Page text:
Reducing LGBTQ Adolescent Suicide
a study on Suicide
- for people ages 16 years and up (full criteria)
- Healthy Volunteers
- healthy people welcome
- study startestimated completion
Reducing youth suicide in the U.S. is a national public health priority. Sexual and gender minority adolescents are at elevated risk for suicide. Safer school environments, however, can decrease this risk. This study capitalizes on the critical role of school nurses in improving the mental health of this vulnerable population through implementation and sustainment of evidence-based strategies to enhance school environments. In addition to suicide, the conceptual framework and methods for this novel, nurse-led intervention can be applied to address the health-related concerns of other pediatric populations encountered in school settings as well.
Implementing School Nursing Strategies to Reduce Lesbian, Gay, Bisexual, Transgender, and Queer (LGBTQ) Adolescent Suicide
Reducing youth suicide in the U.S. is a national public health priority. A supportive and safe school environment is pivotal to preventing youth suicide, and schools are now widely accepted as part of the de facto mental healthcare infrastructure for adolescents. Lesbian, gay, bisexual, transgender, and queer (LGBTQ) youth are at elevated risk for suicide. Safer school environments decrease this risk. The school nurse is well positioned to implement evidence-based (EB) strategies to enhance school environments and improve the mental health of all students, particularly members of this vulnerable population. These strategies include the creation of "safe spaces," adoption of harassment and bullying prohibitions, improved access to community health and mental health providers experienced in working with youth and LGBTQ people, school staff development, and incorporation of LGBTQ-specific information into health education curricula. These strategies promote positive mental health outcomes for LGBTQ youth, and their cisgender, heterosexual peers as well.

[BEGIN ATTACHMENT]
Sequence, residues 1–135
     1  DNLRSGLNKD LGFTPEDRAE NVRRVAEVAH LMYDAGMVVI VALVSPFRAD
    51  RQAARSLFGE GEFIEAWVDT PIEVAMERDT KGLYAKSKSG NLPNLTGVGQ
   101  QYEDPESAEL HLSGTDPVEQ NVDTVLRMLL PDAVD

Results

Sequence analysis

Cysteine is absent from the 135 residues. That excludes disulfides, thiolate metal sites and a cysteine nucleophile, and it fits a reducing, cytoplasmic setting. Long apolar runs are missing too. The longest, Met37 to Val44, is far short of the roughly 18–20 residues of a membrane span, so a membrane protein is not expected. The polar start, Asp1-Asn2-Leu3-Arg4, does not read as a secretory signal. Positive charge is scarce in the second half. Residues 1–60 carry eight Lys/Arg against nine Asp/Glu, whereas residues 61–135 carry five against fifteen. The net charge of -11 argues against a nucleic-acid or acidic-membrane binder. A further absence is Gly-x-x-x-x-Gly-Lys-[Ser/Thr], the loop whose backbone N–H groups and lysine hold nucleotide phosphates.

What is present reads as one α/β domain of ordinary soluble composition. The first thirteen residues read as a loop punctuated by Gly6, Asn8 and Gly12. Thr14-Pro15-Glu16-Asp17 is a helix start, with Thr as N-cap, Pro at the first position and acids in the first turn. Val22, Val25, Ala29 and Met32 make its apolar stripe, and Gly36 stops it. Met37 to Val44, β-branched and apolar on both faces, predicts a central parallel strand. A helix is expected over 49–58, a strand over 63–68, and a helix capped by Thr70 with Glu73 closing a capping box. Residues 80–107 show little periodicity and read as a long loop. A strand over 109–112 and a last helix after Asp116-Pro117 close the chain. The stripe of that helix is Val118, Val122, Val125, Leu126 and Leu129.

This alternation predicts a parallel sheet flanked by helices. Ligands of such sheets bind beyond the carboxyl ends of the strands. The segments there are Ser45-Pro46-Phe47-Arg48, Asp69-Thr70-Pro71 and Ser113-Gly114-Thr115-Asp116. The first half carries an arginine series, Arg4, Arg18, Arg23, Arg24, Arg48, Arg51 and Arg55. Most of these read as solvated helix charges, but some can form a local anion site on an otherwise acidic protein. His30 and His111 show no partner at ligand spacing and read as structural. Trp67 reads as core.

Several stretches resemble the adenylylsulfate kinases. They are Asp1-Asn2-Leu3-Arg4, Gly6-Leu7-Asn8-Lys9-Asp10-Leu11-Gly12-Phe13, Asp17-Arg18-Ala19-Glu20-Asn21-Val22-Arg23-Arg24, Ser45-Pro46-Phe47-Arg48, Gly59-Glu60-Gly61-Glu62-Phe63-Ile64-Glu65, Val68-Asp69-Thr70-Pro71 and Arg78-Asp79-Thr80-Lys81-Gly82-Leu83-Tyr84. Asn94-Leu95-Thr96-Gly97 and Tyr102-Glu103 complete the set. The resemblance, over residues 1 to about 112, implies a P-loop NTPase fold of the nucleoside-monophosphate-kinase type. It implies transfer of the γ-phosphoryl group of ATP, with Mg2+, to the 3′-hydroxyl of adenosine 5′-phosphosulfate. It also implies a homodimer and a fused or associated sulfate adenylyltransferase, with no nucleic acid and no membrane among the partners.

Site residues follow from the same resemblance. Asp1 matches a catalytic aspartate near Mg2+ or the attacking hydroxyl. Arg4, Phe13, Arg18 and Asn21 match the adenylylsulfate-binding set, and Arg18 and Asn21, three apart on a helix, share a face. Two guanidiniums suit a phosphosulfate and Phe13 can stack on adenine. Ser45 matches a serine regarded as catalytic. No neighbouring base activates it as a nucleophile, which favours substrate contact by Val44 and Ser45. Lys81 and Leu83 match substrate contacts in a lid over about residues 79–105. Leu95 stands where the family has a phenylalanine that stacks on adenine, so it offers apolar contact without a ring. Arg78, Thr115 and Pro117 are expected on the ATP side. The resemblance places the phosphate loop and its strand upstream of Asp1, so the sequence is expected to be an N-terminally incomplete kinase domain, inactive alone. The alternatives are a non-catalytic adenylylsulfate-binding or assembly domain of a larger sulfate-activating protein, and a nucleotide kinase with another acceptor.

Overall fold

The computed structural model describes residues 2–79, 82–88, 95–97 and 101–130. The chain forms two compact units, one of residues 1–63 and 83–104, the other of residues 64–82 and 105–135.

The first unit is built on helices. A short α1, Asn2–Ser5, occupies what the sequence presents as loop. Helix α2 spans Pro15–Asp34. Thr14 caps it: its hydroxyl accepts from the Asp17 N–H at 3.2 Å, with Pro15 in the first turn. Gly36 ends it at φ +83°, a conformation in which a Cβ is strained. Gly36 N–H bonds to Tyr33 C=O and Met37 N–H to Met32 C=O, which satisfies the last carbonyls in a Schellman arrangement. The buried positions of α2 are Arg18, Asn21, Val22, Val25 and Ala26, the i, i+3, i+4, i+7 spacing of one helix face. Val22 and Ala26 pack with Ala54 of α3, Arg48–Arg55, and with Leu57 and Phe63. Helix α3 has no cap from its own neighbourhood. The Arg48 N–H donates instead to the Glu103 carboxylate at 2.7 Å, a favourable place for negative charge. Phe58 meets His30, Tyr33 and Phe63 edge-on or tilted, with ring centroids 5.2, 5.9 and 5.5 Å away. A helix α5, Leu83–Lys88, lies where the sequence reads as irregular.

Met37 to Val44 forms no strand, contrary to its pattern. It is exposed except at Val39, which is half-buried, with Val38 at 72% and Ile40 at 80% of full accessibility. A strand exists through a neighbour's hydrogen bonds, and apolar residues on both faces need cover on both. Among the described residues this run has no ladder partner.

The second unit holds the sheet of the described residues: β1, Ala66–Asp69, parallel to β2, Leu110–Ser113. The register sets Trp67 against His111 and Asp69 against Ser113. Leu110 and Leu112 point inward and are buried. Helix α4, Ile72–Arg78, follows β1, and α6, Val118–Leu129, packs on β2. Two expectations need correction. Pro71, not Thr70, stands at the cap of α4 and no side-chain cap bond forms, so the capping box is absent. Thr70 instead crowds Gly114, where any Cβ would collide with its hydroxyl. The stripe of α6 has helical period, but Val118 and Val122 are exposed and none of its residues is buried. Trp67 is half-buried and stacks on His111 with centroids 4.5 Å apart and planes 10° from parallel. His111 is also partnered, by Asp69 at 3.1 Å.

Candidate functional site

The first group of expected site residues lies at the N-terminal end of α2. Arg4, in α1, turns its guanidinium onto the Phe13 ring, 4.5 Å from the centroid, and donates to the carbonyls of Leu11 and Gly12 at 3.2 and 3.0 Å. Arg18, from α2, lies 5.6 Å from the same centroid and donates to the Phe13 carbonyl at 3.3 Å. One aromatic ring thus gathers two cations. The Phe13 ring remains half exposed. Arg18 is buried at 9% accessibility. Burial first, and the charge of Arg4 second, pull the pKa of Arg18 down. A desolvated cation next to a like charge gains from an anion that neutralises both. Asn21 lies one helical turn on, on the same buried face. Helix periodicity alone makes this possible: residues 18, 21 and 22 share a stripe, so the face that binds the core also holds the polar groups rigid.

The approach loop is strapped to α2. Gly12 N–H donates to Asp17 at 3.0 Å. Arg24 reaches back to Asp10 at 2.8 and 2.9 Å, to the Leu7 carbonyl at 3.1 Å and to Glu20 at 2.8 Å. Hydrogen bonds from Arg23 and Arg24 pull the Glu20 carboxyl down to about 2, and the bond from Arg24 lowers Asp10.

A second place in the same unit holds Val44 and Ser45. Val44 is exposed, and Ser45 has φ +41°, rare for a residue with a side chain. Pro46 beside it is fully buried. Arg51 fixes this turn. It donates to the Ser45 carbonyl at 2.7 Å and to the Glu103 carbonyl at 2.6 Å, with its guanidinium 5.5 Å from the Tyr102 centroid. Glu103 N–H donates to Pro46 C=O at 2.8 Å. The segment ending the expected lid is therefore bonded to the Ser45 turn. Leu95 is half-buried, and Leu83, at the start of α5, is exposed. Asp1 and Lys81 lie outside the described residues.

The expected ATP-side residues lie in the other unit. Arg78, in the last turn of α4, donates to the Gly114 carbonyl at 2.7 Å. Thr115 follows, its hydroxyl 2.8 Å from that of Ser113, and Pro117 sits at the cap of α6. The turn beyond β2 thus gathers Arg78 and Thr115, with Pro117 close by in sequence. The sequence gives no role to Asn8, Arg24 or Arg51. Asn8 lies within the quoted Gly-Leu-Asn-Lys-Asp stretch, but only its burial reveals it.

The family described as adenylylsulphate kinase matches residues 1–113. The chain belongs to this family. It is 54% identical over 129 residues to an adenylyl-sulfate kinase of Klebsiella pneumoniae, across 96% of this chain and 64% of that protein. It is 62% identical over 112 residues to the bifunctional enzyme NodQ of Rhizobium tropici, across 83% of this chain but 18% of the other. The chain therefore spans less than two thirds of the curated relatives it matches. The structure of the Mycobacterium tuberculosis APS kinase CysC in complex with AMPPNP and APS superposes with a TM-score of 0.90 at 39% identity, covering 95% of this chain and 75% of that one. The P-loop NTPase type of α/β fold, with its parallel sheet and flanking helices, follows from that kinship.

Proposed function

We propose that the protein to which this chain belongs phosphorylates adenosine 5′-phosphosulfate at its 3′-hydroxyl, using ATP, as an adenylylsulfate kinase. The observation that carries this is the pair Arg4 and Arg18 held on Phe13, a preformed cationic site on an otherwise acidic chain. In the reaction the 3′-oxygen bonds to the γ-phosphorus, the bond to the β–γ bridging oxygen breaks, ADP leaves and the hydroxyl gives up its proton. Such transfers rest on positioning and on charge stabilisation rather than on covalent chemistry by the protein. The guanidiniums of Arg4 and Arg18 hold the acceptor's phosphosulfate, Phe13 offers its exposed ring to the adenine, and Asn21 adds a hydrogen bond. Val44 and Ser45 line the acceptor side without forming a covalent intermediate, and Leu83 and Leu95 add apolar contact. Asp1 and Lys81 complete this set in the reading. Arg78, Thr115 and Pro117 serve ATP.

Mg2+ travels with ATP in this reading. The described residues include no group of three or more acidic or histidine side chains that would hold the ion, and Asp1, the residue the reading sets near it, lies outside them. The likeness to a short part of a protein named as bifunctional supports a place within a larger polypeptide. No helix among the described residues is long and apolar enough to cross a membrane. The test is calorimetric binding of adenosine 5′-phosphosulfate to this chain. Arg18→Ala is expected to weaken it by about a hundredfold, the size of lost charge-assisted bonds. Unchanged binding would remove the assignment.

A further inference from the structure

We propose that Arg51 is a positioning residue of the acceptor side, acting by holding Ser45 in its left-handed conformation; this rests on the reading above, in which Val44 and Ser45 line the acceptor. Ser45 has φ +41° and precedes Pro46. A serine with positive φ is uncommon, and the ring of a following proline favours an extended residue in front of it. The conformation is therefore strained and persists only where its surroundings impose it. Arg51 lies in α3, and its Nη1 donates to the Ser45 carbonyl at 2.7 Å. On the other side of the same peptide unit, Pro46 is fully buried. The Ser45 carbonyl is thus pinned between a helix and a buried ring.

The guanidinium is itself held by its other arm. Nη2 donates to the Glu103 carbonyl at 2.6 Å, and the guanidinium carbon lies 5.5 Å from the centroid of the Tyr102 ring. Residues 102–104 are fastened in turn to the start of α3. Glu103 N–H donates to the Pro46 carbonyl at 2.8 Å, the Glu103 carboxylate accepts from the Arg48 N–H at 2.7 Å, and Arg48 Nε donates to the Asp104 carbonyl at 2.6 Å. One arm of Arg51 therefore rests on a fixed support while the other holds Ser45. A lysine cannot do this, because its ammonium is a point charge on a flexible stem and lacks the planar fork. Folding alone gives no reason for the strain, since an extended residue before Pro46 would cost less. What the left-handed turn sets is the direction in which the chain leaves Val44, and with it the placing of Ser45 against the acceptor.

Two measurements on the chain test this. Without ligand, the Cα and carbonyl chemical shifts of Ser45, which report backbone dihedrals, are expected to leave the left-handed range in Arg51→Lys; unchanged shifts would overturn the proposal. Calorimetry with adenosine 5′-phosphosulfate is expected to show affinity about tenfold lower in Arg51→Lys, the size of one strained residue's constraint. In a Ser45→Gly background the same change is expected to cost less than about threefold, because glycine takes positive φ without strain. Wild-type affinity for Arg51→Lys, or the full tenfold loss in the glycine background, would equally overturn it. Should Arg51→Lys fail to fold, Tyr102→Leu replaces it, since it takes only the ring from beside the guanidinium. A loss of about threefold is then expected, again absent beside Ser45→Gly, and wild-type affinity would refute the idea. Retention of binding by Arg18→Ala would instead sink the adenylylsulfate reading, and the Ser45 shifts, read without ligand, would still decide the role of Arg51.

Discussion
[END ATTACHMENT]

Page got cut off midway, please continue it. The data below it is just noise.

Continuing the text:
The investigators of this nursing intervention model is called "RLAS" (Implementing School Nursing Strategies to Reduce LGBTQ Adolescent Suicide). The model builds on the Exploration, Preparation, Implementation, and Sustainment conceptual framework and the Dynamic Adaptation Process (DAP), a structured methodology for implementing the EB strategies. The DAP accounts for the multi-level context of school settings, facilitates appropriate expertise and feedback to make them "implementation ready," and provides for targeted training of school nurses. Per the DAP, the nurses and other school professionals will convene and lead Implementation Resource Teams (IRTs) consisting of counselors, social workers, health educators, and youth. With the guidance of coaches, the IRTs will engage in an iterative process of assessment and planning to build school capacity and implement the EB strategies. To evaluate this model, the investigators will combine qualitative methods with population-based surveys and pursue three specific aims.
First, the investigators will utilize the DAP to enable specially-trained nurse champions and IRTs to implement and sustain EB strategies to address the needs of LGBTQ high school students. Second, the investigators will conduct a cluster randomized controlled trial (RCT) to assess whether sexual minority students and their peers in RLAS schools report reductions in suicidality, depression, substance use, and bullying, and increased safety compared to those in usual care schools. Third, the investigators will examine the individual, school, and community factors influencing both implementation and outcomes. The RLAS keeps with national priorities to: (a) improve school-based services for pediatric populations; (b) focus on LGBTQ youth mental health; and (c) revolutionize the role of nurses in U.S. healthcare. Through its collaborative processes to refine, improve, and sustain EB strategies in these systems, the RLAS also represents a novel and innovative contribution to implementation science.
You can join if…
Open to people ages 16 years and up
- Located within New Mexico; - Designated public high school; - School nurse that is willing and available to support the RLAS intervention and to lead and convene an IRT; and - School administrator that is willing and available to support the RLAS intervention.
You CAN'T join if...
- Unable to participate in the NM-YRRS.
- in progress, not accepting new patients
- Start Date
- Completion Date
- Pacific Institute for Research and Evaluation
- Study Type
- About 43 people participating
- Last Updated